May 27, 2024
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Updated Mammography Guidelines

Regular readers of this column will recall I am a great fan of the U.S. Preventive Services Task Force (USPSTF) and its recommendations. I consider them the most unbiased agency for evidence-based guidelines for prevention and screening in medicine and cancer. Of course, that does not mean I always agree with their recommendations.

Screening mammography for average-risk women was first proven effective in the late 1970s by the HIP (Health Insurance Plan) randomized controlled trial which showed a reduction in breast cancer mortality of 30% for the mammography group at five years as compared to controls. This became the basis for the adoption of mammography screening guidelines for women over age 50, widely advocated by the American Cancer Society, starting in the early 1980s.

Over ensuing decades, there have been eight randomized trials of breast cancer screening, all conducted in Western countries (the European Union, U.S., Canada); all have been of more or less similar designs, with small variations. All eight gave essentially the same results with the exception of the Canadian study, which did not find a mortality benefit for reasons never well explained. Why the world has needed so many large expensive studies for this question remains obscure to me. It would have been good if at least one of the trials were conducted in a different population such as in Asia.

Most of the trials recruited subjects starting at age 40. When the first trial, the HIP study, did an unplanned subgroup analysis by age, as statisticians frequently do, they found that the screening mortality benefits were restricted to those over the age of 50 and that the subgroup aged 40-49 years had no benefit from screening. That analysis began the question of whether mammography should be extended to those below the age of 50. Almost all the subsequent trials have had subgroups below age 50 and the same thing has occurred—in every study, there has not been a statistically significant benefit for those below age 50.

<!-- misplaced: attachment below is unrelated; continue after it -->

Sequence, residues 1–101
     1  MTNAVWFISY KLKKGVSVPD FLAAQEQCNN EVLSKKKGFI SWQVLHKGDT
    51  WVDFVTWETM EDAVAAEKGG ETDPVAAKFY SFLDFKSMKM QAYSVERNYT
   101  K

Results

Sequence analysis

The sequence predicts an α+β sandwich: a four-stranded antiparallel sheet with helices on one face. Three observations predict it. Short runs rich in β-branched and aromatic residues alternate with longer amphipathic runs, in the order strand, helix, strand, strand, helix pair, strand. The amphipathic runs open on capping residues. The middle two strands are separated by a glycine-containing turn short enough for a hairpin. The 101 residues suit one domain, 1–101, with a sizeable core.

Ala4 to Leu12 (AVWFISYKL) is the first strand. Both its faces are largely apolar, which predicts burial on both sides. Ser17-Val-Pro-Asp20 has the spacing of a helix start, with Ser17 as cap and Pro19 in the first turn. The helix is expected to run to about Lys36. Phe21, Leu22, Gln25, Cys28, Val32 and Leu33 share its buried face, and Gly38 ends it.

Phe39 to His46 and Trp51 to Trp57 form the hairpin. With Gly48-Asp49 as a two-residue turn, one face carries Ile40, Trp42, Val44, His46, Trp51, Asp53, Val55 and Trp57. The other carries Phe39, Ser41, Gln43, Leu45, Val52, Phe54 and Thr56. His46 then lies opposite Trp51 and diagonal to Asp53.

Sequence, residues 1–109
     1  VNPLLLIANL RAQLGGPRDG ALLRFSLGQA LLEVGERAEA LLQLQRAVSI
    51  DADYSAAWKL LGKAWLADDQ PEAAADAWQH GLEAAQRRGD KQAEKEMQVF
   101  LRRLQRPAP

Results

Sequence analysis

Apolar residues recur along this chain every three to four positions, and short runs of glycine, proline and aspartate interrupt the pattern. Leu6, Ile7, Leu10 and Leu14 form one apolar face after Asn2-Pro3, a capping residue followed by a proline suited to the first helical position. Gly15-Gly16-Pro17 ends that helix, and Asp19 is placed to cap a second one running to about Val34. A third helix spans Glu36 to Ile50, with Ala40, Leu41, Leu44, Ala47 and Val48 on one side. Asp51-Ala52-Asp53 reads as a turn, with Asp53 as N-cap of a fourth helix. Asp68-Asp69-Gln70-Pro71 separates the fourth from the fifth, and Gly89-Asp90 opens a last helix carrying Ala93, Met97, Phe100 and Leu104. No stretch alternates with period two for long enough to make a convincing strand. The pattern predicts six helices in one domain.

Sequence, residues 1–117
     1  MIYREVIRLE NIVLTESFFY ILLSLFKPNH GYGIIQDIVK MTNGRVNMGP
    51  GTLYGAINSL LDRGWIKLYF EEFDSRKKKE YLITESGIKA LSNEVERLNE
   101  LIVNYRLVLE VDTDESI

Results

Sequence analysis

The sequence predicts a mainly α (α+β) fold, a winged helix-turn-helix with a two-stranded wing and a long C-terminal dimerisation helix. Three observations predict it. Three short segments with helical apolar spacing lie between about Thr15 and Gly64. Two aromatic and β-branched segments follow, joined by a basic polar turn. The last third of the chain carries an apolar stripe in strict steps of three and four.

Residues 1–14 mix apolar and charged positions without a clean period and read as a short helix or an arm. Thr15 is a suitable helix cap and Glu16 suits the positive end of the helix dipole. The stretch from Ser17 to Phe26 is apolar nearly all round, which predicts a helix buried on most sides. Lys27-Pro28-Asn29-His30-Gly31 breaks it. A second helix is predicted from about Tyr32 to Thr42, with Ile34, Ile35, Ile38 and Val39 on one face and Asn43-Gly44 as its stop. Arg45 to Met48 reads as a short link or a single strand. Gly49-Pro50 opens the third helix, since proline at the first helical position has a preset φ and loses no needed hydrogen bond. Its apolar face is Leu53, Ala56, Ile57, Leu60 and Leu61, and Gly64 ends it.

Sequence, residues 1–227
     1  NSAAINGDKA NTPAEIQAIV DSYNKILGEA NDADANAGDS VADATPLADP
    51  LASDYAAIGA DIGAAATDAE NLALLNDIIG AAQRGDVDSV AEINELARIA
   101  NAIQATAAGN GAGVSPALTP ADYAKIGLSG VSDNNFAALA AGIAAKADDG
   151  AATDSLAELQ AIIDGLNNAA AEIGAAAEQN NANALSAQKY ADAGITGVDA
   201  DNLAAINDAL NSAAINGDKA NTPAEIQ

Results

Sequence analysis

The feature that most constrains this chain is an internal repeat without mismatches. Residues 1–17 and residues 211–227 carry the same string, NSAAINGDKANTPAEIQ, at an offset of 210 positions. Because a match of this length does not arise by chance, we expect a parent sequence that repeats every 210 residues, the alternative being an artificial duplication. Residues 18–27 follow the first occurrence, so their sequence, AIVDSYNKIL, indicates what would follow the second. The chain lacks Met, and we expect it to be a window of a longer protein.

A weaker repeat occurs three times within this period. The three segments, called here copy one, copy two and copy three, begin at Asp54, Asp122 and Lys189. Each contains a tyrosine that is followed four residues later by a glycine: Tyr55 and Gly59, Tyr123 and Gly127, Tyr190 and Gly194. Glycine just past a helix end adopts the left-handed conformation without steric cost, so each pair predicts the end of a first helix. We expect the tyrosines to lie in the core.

There was actually one additional trial (beyond the eight mentioned previously) which included only women 39-48 years of age conducted in the U.K. Approximately 160,000 women were randomized in this trial and the follow up was for 23 years. This study showed a 14% reduction in breast cancer mortality, but it was not statistically significant. A subsequent meta-analysis of all these nonsignificant datasets, conducted by the Cochrane Collaboration, a highly respected organization, found a 16% reduction in breast cancer mortality at 13 years of follow-up for those in their 40s (95% confidence interval 0.73-0.96).

Based on these results and the considerably lower incidence of breast cancer in the younger age group, no country, including the U.S., has previously included women in their 40s in their recommendations for mammography. This was in consideration of the fact that, while there may be a small mortality reduction, there was a definite very high rate of false positives and biopsies, as well as severe anxiety accompanied by these extra screening exams. Thus, the trade-off was dubious, and the USPSTF decided that the decision deserved to be up to the individual woman. Therefore, the recent recommendation was that women in their 40s should be advised of the potential benefits and risks and should make their own decisions as to whether or not to undergo screening mammography.